The minimum wage, established in 1938, is the lowest wage an employer is allowed to pay their employees. It is a legally mandated price floor on labor, intended to protect workers and ensure that they are able to earn a fair wage for their work. The minimum wage is determined by the government and varies depending on the country, state, or region. Because of this, it can be challenging for businesses with employees across multiple states to stay on top of all the minimum wage changes.

Minimum Wage - A Snapshot

Although the past few years have seen plenty of changes in the U.S. workforce, the federal minimum wage has remained constant. The federal minimum wage has been at $7.25 an hour since July 24, 2009, when it was increased from $6.55 an hour.

Regardless of the federal rate, each state can set its own minimum wage for workers, and sometimes these wages can even vary by city and county. State minimum wage rates are typically governed by each individual state’s legislative activities.

According to the Department of Labor (DOL), states have to adhere to the federal minimum wage law if their state minimum wage is lower than the federal rate. Or, if the state minimum wage is greater than the federal minimum wage, then the state rate prevails. Therefore, if a state, city, or county has a minimum wage greater than $7.25, employers are required to pay that higher rate to employees.

With that being said, here are some minimum wage highlights from 2022 along with anticipated state-by-state minimum wage increases to be aware of for 2023.

Highlights from 2022

In 2022, 28 states implemented a higher minimum wage. However, as of Oct. 1, 2022, 13 states were still adhering to the federal standard of $7.25 an hour:

  1. Idaho
  2. Indiana
  3. Iowa
  4. Kansas
  5. Kentucky
  6. New Hampshire
  7. North Carolina
  8. North Dakota
  9. Oklahoma
  10. Pennsylvania
  11. Texas
  12. Utah 
  13. Wisconsin

Ohio is a special case in that the federal rate of $7.25 an hour applies only to employers that gross less than $372,000 annually. Outside of that condition, Ohio’s higher state minimum wage applied. See below for the 2023 minimum wage information for Ohio.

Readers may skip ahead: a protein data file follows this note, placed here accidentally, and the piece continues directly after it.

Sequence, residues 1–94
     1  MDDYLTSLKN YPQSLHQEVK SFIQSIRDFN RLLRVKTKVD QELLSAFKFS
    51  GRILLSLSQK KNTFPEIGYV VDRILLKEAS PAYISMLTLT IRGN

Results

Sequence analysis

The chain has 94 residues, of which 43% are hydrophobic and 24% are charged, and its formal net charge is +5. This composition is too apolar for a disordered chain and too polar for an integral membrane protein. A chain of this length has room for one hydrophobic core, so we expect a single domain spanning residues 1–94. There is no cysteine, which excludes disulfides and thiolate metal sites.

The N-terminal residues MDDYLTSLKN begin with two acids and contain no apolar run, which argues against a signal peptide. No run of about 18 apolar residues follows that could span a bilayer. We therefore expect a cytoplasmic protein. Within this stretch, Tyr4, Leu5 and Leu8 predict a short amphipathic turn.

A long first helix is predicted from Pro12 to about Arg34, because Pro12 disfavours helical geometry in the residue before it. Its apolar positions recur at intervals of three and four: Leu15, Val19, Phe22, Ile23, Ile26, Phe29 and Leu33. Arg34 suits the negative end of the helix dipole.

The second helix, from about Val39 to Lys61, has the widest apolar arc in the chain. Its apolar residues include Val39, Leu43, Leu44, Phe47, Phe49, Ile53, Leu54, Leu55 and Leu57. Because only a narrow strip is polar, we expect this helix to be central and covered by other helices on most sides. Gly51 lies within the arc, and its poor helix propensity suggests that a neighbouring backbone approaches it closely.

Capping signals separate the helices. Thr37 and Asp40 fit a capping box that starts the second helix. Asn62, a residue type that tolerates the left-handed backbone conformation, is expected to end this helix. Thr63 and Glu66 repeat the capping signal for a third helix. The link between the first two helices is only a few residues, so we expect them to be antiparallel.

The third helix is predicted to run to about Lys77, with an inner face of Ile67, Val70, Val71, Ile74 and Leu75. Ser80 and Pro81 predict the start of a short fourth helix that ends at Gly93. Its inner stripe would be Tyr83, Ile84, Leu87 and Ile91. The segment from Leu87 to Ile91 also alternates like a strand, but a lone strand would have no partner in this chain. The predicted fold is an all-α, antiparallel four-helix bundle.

Oklahoma adheres to the federal minimum standard of $7.25 for “Employers of ten or more full-time employees at any one location and employers with annual gross sales over $100,000 irrespective of the number of full-time employees.”

In 2022, there were five states that still didn’t have a minimum wage requirement at all:

  1. Alabama
  2. Louisiana
  3. Mississippi
  4. South Carolina
  5. Tennessee

For states that don’t have a state minimum wage law, the DOL mandates that employers subject to the Fair Labor Standards Act (FLSA) have to pay the federal minimum wage of $7.25 an hour. 

As explained by the National Conference of State Legislatures (NCSL), “States increase their minimum wages for a few different reasons. Some are based on the cost of living, while others are based on previously approved legislation or ballot initiatives.

What’s ahead for 2023

In 2023, 26 states and the territory of Puerto Rico are forecasted to increase their minimum wage requirements. Most changes will go into effect on Jan. 1, 2023, although some changes will become effective later in the year. The new state minimum wages are as follows:

2022 & 2023 comparison

The following chart shows side-by-side comparisons of state minimum wage requirements in 2022 and 2023:
 

State

2022 Minimum Wage Per Hour

2023 Minimum Wage Per Hour

Alaska

$10.34

$10.85

Arizona

$12.80

$13.85

California

$15.00

$15.50

Colorado

$12.56

$13.65

Connecticut

$14.00

$15.00

Delaware

$10.50

$11.75

Florida

$11.00

$12.00

Illinois

$12.00

$13.00

Maine

$12.75

$13.80

Maryland*

$12.50

$13.25

Massachusetts

$14.25

$15.00

Michigan

$9.87

$10.10

Minnesota*

$10.33

$10.59

Missouri

$11.15

$12.00

Montana

$9.20

$9.95

Nebraska

$9.00

$10.50

Nevada*

$10.50

$11.25

New Jersey*

$13.00

$14.13

New Mexico

$11.50

$12.00

New York*

$13.20

$14.20

Ohio*

$9.30

$10.10

Puerto Rico

$8.50

$9.50

Rhode Island

$12.25

$13.00

South Dakota

$9.95

$10.80

Vermont

$12.55

$13.18

Virginia

$11.00

$12.00

Washington

$14.49

$15.74
 

*Maryland: This increased rate applies only to employers with 15 or more employees. There will be a minimum wage of $12.80 for employers with 14 or fewer employees. 

*Minnesota: This increased rate applies only to large employers. There will be a minimum wage of $8.63 an hour for small employers, 90-day learning pay (for employees under 20 years of age), and youth salary (for employees under 18 years of age).

*Nevada: This increased rate applies only to employers that don’t provide health benefits. There will be a minimum wage of $10.25 for employers that do offer health benefits. 

*New Jersey: This increased rate applies to most employers. There will be a minimum wage of $12.93 for seasonal and small employers, $12.01 for farm employees who do hourly work, and $17.13 for direct care staff of long-term care facilities.

*New York: This increased rate applies to most employers in New York state. A minimum wage of $15.00 applies to businesses in New York City as well as Long Island and Westchester County.

*Ohio: This increased rate applies to businesses that gross more than $372,000 annually.

Stay compliant in 2023

No matter where your business is located or operates, it’s important to comply with minimum wage and labor law requirements. Be sure to check your state’s labor department for rates specific to your location (state, city, and county), as well as information about minimum wages for tipped employees.

See here for additional facts and information from the DOL about minimum wage requirements. 

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